Loving One Another

Posts tagged ‘truth’

Are You Leader or Follower?


Leader or Follower?

Some days I’m the leader;
Other days I like to follow.
But sometimes following
Is more than I can swallow.

animal beast big carnivore

Sometimes the folks who lead
Don’t seem to care the least
About the folks they’re leading;
They’re like this ugly beast.

The beast who tells us lies,
Who says “Do as I say,
But not as I do,” you know?
He tries to force his way.

We are not stupid sheep;
We know which way is right.
So stand your ground, my friends.
Don’t let him push his might.

The one who makes the rules,
Usually wins the game, they say.
But, some rules should be constant –
Don’t let him lead you astray.

My Inspiration

This poem was inspired by a Time Magazine article titled, “Whose standards will Democrats embrace?” by the eloquent former editor of Time Magazine, Nancy Gibbs.
This topic of leaders and followers is heavy on my heart. It’s not the simple kind of following that I wrote about years ago when I was looking at healthy parent-child relationships:

Follow Me

Days Gone By

When I was a youngster, one of the popular TV programs was “Father Knows Best.” I related to that … and so did a lot of my peers. Mom and Dad talked things over. They  presented a righteous front of solidarity. Sometimes Mom (in fact usually Mom) laid down the laws. Together, they enforced them. We were the “Leave it to Beaver” generation whose nuclear family lived by the universal rules spelled out in the Ten Commandments. “Do not lie” was paramount among them. “Love One Another,” was another. “Be kind to your neighbor,” right?

Appreciate one another’s differences. Know that we all are part of one body – and the head needs the hand; the leg needs the foot. We need to live in harmony.

What has happened to our Rules to Live By??

Self-Examination


Lent is upon us.
It is a 40 day period when we prepare for the coming of Easter.
One way to prepare is to practice the art of self-examination.
Look deeply into yourself.
Be prepared to acknowledge your areas of struggle.

Invite God to help you over the hurdles.

.

In Soul Feast by Marjorie J. Thompson, we are reminded that we cannot escape from God’s all-seeing eye. She writes, “When we feel searched and known by a gracious God, we are both moved and enabled to search our own hearts honestly.”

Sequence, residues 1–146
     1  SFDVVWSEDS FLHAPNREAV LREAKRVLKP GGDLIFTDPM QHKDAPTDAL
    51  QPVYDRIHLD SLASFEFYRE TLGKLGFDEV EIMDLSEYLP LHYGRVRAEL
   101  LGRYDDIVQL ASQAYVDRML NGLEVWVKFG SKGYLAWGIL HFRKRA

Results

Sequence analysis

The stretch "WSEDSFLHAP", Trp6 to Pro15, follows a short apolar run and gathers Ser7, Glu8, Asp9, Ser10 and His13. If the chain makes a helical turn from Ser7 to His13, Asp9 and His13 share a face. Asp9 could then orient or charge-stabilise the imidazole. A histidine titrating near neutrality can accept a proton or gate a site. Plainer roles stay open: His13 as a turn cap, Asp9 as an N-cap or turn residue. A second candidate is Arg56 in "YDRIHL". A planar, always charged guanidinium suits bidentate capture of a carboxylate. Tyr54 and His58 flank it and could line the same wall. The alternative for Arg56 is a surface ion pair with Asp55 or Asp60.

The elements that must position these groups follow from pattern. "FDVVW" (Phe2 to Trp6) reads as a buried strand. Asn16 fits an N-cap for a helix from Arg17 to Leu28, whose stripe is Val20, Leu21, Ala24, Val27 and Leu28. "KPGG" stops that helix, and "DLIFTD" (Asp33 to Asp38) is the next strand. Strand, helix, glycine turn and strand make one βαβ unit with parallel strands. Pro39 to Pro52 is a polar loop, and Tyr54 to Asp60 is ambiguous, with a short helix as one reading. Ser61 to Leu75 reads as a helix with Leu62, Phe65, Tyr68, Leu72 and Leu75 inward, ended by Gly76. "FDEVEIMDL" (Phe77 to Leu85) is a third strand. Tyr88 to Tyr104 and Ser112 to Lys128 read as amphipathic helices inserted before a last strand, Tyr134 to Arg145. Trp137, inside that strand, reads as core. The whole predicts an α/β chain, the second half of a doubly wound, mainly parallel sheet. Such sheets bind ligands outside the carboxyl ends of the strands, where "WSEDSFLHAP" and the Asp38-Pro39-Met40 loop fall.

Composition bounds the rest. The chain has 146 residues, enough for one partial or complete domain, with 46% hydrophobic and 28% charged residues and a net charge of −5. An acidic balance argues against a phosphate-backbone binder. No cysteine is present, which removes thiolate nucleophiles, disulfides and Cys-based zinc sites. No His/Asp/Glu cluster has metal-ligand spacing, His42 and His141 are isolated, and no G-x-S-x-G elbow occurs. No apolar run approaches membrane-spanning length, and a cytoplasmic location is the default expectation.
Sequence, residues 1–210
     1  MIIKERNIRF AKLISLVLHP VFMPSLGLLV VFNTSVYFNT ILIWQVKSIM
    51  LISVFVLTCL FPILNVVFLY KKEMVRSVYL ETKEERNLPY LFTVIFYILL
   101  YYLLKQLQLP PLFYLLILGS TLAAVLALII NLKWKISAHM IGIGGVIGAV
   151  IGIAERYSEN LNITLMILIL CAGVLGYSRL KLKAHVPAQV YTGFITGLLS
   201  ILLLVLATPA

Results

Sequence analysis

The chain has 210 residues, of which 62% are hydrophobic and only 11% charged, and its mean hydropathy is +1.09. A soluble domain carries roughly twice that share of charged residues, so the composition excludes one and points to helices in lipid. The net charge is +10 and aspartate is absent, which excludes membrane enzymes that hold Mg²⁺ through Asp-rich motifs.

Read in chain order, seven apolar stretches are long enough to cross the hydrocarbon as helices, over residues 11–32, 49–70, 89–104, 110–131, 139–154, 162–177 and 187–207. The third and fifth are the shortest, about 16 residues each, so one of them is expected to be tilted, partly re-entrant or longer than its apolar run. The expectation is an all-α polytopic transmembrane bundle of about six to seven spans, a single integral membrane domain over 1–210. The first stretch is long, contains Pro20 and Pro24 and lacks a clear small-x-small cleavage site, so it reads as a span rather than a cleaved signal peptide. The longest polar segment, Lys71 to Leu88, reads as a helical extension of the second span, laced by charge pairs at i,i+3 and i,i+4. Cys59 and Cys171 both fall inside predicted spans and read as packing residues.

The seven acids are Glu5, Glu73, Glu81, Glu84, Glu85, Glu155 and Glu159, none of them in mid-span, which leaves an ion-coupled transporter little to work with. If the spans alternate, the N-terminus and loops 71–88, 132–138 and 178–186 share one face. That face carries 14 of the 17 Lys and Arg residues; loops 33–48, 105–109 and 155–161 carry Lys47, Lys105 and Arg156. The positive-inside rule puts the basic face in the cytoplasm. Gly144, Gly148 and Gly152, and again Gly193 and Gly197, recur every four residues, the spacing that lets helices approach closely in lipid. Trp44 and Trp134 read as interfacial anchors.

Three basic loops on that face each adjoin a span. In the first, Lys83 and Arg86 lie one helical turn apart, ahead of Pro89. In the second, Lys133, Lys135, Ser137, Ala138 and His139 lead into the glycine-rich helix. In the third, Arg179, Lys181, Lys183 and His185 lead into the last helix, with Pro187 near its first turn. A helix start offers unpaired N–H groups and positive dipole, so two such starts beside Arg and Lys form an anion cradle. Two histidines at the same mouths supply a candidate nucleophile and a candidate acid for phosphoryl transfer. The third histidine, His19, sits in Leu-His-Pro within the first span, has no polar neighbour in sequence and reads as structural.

green wooden board with heart hole

Photo by Pixabay on Pexels.com

.
I was inspired by Thompson’s invitation to “Open the door of our heart to cleansing, renewal and peace.” In response, I wrote the following poem:
.
.
SELF-EXAMINATION
 
Nothing we do or fail to do
Can alter the depth of God’s love.
It’s truly unconditional,
A sure-fire gift from above.
 
Knowing the truth of this gift,
Knowing the depth of affection,
Allows us to be real with ourselves,
And honest with God in confession.
 
We can acknowledge to God openly
The weakness displayed in our sin,
And remember He knows it already – 
So, open your heart; Let God in!
close up of tree against sky

Photo by Pixabay on Pexels.com

.
When you look deeply into yourself,
what areas of struggle do you acknowledge?
 
Invite God to help you over the hurdles.

See Beauty in Imperfection


sea beach storm tree

Photo by Skitterphoto on Pexels.com

Have you heard of the Japanese word:
Wabi-Sabi?

We don’t have a single English word to translate its meaning.
It takes a whole paragraph!

According to Leonard Koren, who wrote a book
titled Wabi-Sabi for Artists, Designers, Poets, and Philosophers,

“Wabi-Sabi is a beauty of things imperfect, impermanent, and incomplete.
It is a beauty of things modest and humble.
It is a beauty of things unconventional.”

The impermanence of footprints in the sand is an example.

person foot prints on sands photo

Photo by Min An on Pexels.com

 

The modest and humble man here speaks of Wabi-Sabi to me.
Look deep into his eyes. There is beauty in his face.